In today’s highly digital world, the constantly growing amount of data available to us can be overwhelming. It is enough to mention the IoT (Internet of Things) that has given rise to new data sources. Devices, such as smartphones, smart-watches, fitness devices, or smart homes, generate the increasing amount of new data every day. The data generated by IoT devices, large in volume and random in nature, is nothing but Big Data that needs to be analyzed in order to extract the critical information or to understand the user behavioral patterns.
In order to overcome the problem with continuous streams of data, there is a growing interest in the tools that are able to cater to multiple business solutions.
The big data world is getting more and more popular and it results in the emergence of the technologies associated with this ecosystem.
In the last few years, a new style of system and architecture has emerged which is built not just around passive storage but around the flow of real-time data streams. This is exactly what Apache Kafka is all about.
What Kafka really is
Apache Kafka, an open-source stream-processing software platform, emerged in 2008 and since then, it has been used as a fundamental infrastructure by thousands of companies – from AirBNB to Netflix. And no wonder: as a reliable way to ingest and move large amounts of data very quickly, it is a very useful tool in the big data space.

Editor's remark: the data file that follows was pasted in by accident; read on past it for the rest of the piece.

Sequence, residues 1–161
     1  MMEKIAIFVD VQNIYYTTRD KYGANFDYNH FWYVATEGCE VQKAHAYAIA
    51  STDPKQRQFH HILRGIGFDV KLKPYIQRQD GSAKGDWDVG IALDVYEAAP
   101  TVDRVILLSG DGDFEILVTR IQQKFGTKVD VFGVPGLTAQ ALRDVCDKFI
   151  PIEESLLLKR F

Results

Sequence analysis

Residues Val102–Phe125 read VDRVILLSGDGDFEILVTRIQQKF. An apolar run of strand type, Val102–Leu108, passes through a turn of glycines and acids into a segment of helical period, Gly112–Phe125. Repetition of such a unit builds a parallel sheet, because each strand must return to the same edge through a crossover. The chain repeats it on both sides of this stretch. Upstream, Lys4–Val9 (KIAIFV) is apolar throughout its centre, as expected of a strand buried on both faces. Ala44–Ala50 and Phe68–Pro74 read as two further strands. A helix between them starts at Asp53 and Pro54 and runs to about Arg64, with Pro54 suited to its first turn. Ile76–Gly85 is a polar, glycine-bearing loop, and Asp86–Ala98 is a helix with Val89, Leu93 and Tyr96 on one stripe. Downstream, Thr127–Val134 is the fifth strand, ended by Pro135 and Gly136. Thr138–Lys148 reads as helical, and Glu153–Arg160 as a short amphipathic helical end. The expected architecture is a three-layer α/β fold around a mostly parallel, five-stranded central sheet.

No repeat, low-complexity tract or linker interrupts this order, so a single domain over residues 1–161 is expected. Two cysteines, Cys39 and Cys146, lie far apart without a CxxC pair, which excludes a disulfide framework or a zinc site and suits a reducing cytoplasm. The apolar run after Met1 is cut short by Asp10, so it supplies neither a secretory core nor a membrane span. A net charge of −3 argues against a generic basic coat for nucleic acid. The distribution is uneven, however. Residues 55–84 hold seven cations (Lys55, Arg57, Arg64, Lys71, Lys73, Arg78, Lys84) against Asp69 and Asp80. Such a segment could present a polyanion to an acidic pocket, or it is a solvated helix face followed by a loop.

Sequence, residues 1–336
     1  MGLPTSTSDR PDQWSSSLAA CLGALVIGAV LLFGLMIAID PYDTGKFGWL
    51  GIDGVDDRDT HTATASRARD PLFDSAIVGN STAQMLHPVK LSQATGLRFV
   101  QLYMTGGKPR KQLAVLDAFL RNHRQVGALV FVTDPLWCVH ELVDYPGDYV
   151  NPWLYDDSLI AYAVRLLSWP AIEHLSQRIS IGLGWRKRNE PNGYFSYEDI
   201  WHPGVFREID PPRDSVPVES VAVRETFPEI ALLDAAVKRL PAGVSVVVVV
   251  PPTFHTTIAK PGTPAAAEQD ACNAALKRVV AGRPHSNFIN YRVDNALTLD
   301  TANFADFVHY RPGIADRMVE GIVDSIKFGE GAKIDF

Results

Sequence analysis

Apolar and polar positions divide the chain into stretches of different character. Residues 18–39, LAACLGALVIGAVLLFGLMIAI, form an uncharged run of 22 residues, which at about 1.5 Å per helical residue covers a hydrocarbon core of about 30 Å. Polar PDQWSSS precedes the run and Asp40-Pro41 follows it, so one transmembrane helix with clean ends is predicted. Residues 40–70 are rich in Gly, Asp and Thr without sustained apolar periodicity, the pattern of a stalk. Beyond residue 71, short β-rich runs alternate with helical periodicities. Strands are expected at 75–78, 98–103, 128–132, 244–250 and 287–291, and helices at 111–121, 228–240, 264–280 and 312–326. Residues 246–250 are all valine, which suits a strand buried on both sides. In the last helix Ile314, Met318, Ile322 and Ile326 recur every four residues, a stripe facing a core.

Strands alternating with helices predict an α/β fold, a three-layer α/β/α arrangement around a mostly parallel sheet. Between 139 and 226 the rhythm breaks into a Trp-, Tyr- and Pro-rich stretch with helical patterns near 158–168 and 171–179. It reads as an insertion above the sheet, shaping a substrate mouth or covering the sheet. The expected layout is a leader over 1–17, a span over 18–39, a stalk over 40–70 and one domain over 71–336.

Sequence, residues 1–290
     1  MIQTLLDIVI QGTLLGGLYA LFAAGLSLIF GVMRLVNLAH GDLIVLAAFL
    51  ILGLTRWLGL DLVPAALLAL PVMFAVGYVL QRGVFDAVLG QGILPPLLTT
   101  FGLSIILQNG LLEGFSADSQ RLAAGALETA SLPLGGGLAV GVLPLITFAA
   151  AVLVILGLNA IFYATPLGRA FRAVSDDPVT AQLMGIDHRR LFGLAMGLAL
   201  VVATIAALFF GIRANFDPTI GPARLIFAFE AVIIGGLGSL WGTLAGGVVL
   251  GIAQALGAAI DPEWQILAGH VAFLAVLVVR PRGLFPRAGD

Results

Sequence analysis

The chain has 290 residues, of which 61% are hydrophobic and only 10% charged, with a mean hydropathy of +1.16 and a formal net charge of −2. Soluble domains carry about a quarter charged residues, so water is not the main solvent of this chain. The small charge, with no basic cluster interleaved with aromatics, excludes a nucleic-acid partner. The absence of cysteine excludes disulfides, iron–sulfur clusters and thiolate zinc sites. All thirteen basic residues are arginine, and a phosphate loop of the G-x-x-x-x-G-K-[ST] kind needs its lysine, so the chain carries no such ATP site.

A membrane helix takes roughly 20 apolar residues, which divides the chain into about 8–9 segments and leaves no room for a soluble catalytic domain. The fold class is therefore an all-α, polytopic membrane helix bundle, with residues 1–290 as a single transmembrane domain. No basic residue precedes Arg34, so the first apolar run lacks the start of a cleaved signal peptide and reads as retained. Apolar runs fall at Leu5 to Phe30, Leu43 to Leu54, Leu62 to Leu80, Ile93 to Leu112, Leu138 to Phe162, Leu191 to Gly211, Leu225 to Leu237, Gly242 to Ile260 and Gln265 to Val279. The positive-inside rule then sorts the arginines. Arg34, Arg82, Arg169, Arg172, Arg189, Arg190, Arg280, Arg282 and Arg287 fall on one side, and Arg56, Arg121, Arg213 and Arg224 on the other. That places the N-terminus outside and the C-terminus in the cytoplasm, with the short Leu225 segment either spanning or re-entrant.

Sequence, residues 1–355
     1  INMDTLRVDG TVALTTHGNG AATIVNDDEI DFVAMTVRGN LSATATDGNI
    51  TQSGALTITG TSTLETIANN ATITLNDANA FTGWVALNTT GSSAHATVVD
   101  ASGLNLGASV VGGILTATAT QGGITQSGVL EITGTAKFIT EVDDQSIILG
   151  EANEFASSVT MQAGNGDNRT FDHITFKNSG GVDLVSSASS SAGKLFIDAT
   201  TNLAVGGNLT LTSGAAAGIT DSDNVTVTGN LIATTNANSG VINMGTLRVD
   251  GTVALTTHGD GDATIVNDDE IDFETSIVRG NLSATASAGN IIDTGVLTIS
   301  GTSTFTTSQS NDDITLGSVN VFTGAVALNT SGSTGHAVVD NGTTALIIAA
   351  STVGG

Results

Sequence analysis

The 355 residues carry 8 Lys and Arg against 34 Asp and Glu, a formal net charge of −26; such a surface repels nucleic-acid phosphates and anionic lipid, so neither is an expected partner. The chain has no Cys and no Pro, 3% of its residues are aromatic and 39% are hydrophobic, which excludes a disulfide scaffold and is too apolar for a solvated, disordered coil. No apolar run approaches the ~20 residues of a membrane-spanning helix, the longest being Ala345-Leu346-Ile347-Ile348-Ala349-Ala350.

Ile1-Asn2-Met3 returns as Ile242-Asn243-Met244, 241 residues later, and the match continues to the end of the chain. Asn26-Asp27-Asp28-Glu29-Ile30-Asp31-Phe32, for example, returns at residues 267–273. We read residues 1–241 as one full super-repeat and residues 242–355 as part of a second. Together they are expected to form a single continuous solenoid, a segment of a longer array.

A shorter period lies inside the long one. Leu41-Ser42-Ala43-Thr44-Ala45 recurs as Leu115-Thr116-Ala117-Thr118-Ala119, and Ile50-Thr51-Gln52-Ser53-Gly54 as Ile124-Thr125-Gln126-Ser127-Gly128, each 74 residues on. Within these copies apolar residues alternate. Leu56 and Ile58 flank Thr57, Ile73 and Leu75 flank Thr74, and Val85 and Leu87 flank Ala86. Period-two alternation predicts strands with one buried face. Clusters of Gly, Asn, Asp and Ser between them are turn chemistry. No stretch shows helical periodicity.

Kafka serves as a central hub of data streams. It provides a framework for storing, reading, and analyzing streaming data as well as assures high speed in terms of transportation and data distribution to multiple locations. Designed as a distributed system, Kafka can store a high volume of data on commodity hardware. It runs across many servers, making use of the additional processing power and storage capacity that this brings. Because of its distributed nature and the streamlined way of managing incoming data, it operates very quickly. In fact, it can monitor and react to millions of changes to a dataset every second, which makes it possible to react to streaming data in real-time. And last but not least – thanks to built-in redundancy, it can be used to provide the reliability needed for mission-critical data.
The fact that it is an open-source software makes it even more advantageous. It means that it is essentially free to use and has a large network of users and developers. All of them have access to the source code and debugging tools, thanks to which they can analyze errors and fix them. It is also possible for them to contribute to modifications, updates, and new features as well as offer support for new users.
How Kafka works
Over the past few years, the number of use cases solved by Kafka has increased. With an increasing amount of data from different sources (e.g. website, financial transactions) delivered to a wide range of target systems (e.g. databases, email systems), developers have to write integrations for each one. And it does not come as a surprise when we say that this is not a very convenient process – additionally, it is a slow and multi-step process to deliver data. Kafka acts as an intermediary – it receives data from source systems and then makes this data available to target systems as a real-time stream, ready for user consumption.